MEAS CHEA, 27, has come a long way - literally - since he lost his leg to a landmine
nine years ago. Last year he twice won marathons for disabled runners, one in Cambodia
and another in Thailand, and he again picked up first prize in another marathon in
Phnom Penh this year.
Four months ago the former soldier, whose first wife left him because he was an amputee,
found himself a new wife. And now that he has become one of seven disabled Cambodians
chosen to train for the Sydney 2000 Paralympics, his biggest concern is leaving his
new bride behind.
"When I am away, only my small niece will look after her. That will be difficult,"
says Chea of his new wife, who is a double leg amputee.
But Chea is confident that his wife will understand - "we love each other heart
to heart," he says - and he's keen for the chance to compete overseas.
"I am proud to have the chance. I am confident with my running.
"If I am successful it will be a credit for Cambodia and also an encouragement
to other disabled people to see that even the disabled can do things...I am really
disabled, but my mind is not."
Chea and six other Cambodians - Nok Rotha, Kim Vanna, Hong Bora, Roeun Voeun, Sak
Oung and Chim Phan - are being given the chance to prove that being limbless need
not mean a life of shame and misery.
The seven have been selected for running training aimed at getting them up to scratch
to compete in the Sydney Paralympics in the Year 2000.
The project is being run by the Cambodia Trust and the Cambodian Disabled People's
Organization, with funding from the Australian Embassy in Phnom Penh.
The seven got a major boost last week when they were flown to Malaysia to be given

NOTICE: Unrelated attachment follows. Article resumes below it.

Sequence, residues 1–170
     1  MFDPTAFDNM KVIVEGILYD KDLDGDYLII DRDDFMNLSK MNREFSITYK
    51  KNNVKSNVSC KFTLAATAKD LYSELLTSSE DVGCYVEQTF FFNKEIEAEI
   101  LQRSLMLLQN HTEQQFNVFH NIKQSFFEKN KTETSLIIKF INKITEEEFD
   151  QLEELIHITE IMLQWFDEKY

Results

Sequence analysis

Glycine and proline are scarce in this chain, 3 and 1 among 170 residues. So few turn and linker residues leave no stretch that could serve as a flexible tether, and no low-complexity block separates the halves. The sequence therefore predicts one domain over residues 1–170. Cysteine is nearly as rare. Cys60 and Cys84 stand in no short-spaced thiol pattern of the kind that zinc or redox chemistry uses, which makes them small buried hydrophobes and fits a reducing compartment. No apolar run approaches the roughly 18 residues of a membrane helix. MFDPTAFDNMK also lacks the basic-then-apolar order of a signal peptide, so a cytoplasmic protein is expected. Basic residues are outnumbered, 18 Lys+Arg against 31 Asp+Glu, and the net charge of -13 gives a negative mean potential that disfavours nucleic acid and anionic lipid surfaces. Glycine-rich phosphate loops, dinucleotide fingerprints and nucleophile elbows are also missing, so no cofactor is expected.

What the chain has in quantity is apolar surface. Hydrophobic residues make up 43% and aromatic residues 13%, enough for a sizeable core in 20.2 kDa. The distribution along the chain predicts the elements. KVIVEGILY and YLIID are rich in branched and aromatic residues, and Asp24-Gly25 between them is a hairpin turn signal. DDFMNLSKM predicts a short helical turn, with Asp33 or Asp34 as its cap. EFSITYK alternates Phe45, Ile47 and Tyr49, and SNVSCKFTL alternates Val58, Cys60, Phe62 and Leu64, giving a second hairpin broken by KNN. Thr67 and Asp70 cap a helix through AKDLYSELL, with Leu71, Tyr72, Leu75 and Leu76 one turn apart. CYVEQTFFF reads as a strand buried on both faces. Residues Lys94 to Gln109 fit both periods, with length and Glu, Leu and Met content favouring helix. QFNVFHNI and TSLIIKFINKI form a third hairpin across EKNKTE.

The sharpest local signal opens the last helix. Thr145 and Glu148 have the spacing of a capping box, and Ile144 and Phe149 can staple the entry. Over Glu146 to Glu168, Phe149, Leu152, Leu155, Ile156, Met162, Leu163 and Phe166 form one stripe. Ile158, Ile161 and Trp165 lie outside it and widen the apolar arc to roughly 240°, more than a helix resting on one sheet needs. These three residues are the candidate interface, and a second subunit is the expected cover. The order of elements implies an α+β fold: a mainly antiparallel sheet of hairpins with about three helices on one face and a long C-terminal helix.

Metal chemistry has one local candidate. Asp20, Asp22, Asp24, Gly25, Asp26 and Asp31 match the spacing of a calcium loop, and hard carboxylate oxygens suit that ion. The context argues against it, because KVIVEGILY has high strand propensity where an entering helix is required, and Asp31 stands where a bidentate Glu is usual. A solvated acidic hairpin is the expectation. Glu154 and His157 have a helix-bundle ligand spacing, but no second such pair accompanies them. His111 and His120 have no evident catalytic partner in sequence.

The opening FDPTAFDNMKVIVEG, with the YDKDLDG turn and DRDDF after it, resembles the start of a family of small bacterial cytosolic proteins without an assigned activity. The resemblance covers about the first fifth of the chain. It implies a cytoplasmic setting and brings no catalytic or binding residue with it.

special artificial legs designed for athletes. They came back enthusiastic and eager
to do their best.
"I want to try, regardless of whether I can do as well as a full-legged person,"
said Kim Vanna, 29, a former soldier who stepped on a mine in 1990.
"I want to be the best runner," said Nok Rotha, 29, "and to help promote
international disabled sports."
"I like sport. I used to be a sports player and since I became handicapped sport
has helped to ease my life."
The seven runners received a total of four high-technology artificial limbs in Malaysia
- they will have to take turns using them - which were donated by manufacturer Endolite
Dudley Turner, chief prosthetist at Cambodia Trust, said the Australian Government
would sponsor a coach to come to Cambodia to train the seven.
If they qualified, all would be sponsored to attend the Sydney competition, he said.
They had already improved their running times since getting the new legs from Malaysia.
"If Cambodian disabled people can become successful in running, it will be very
good for all the disabled in Cambodia because they will think that their lives are
not wasted," Turner said.